Posted by IN / 2 responses

Two Craftsmen

14 July 2017

Craftsman in tool shop

A homeowner wanted to have her hardwood floors redone. She had two different craftsmen come to her home to look over the job.

One arrived in a Geo Metro with only a Leatherman. The other arrived in a Mercedes Benz work van full of tools. Tools she had never thought of or seen before. The craftsman had ventilated masks to protect his health. He had knee pads for working on the floor. He had sandpaper of all different varieties. He had saws of different types – manual, automated, precise and not. His clothes were even tailored for his work.

Which of these two craftsmen do you think the woman chose? Which would you choose?

When you’re asked to use one tool for many different use cases in your test automation which of these two craftsmen do you resemble? Which one does your management expected you to be?

About the Author

Paul Merrill

Paul Merrill is Principal Software Engineer in Test and Founder of Beaufort Fairmont Automated Testing Services. Paul works with clients every day to accelerate testing, reduce risk, and to increase the efficacy of testing processes. You’re Agile, but is your Testing Agile? An entrepreneur, tester, and software engineer, Paul has a unique perspective on launching and maintaining quality products. He also hosts Reflection as a Service, a podcast about software development and entrepreneurship. Follow Paul on Twitter @dpaulmerrill.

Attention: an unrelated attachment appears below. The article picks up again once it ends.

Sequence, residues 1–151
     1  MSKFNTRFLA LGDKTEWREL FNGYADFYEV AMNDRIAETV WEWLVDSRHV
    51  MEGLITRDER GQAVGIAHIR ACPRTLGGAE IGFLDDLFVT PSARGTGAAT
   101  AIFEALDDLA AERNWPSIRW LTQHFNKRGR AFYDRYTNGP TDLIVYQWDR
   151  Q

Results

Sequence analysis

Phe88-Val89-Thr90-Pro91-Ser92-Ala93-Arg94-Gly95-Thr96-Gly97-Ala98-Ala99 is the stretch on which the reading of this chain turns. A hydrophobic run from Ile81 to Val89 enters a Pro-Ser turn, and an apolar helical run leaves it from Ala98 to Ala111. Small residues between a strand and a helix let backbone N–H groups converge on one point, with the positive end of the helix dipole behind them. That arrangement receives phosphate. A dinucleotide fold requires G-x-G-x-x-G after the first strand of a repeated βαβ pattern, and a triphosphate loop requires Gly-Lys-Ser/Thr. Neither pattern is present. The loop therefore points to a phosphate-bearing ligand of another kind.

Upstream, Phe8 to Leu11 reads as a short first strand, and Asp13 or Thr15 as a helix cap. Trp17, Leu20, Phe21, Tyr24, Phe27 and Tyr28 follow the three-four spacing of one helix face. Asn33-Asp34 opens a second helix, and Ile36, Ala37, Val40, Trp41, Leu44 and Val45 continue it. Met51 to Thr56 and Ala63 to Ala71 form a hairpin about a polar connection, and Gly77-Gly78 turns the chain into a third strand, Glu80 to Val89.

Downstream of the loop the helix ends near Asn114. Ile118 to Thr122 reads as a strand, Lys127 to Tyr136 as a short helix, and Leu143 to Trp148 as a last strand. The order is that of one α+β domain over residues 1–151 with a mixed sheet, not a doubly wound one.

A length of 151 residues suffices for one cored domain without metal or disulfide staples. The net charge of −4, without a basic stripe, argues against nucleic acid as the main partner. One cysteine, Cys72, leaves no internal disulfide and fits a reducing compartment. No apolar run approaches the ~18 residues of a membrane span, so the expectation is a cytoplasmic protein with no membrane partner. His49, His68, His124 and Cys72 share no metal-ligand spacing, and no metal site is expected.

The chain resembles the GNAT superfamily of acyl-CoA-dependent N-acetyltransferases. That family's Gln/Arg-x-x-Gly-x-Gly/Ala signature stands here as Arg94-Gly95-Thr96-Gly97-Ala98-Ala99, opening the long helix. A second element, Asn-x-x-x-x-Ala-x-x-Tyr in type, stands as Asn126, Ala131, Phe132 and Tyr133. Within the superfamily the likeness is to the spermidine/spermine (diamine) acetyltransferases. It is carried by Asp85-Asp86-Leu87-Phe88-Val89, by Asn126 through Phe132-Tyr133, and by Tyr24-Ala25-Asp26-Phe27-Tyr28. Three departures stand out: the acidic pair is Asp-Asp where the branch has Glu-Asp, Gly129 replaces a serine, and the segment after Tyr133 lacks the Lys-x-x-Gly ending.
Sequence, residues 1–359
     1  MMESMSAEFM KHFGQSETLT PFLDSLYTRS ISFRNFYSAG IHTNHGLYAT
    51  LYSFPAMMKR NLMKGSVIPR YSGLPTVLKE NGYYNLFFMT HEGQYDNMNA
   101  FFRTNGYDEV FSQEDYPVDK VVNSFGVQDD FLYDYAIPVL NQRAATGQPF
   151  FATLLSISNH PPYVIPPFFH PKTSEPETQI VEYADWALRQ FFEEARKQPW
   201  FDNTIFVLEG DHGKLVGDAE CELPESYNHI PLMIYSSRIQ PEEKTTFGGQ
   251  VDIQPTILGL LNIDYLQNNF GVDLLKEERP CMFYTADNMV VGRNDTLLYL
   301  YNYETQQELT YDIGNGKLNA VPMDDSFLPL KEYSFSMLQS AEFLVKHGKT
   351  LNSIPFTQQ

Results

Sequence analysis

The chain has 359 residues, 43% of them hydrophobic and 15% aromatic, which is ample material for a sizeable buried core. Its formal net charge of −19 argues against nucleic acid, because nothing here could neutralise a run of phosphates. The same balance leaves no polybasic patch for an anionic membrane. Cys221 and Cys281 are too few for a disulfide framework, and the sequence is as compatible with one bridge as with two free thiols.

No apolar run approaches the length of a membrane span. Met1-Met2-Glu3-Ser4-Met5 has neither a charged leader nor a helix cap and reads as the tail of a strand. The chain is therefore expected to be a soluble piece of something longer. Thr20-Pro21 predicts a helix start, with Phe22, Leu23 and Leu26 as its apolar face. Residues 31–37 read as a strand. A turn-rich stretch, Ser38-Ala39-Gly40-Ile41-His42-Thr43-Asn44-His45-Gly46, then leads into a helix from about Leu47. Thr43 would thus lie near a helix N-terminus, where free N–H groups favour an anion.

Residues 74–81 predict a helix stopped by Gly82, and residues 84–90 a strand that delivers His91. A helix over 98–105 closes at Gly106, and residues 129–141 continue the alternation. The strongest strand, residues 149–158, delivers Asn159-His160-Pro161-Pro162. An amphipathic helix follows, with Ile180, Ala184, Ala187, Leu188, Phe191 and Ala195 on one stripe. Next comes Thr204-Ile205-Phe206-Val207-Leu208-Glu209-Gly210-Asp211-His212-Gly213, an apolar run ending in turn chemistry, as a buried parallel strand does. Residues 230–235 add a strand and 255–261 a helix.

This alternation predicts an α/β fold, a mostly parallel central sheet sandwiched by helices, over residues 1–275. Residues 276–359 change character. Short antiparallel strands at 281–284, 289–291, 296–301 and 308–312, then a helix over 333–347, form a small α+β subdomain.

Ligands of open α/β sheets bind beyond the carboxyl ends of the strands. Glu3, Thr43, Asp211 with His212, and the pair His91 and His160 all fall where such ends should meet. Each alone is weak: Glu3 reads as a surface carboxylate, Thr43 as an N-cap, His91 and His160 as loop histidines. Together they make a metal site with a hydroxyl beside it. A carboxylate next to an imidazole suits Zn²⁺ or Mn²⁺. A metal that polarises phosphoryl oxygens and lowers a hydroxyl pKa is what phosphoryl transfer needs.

2 responses to Two Craftsmen

  • Michael Fritzius says on July 21, 2017 at 1:28 pm

    To just look over the job? Definitely would pick the first one. I question why someone would feel the need to trot out all the accoutrements just to give an estimate.

    It’s important to pick the right tools for the job, but it’s also important to pick them at the right time, too.

    Reply
    • Paul Merrill says on July 24, 2017 at 12:18 pm

      Good point Michael. Maybe the metaphor didn’t connect as I’d hoped. My intention was to parallel the hiring process or the hiring process in relation to tool selection – not the estimate process. Also, the way decision makers expect us to work. Do they expect you to use one tool for all jobs? Does that make sense? I see people doing silly things like trying to use webdriver for api testing, for instance.

      But in the case you mentioned, I’m with you. If an SDET brought a set of jar files to a sprint planning review, I’d be concerned too!

      Thanks for the comment, and really nice blog, btw!

      Reply

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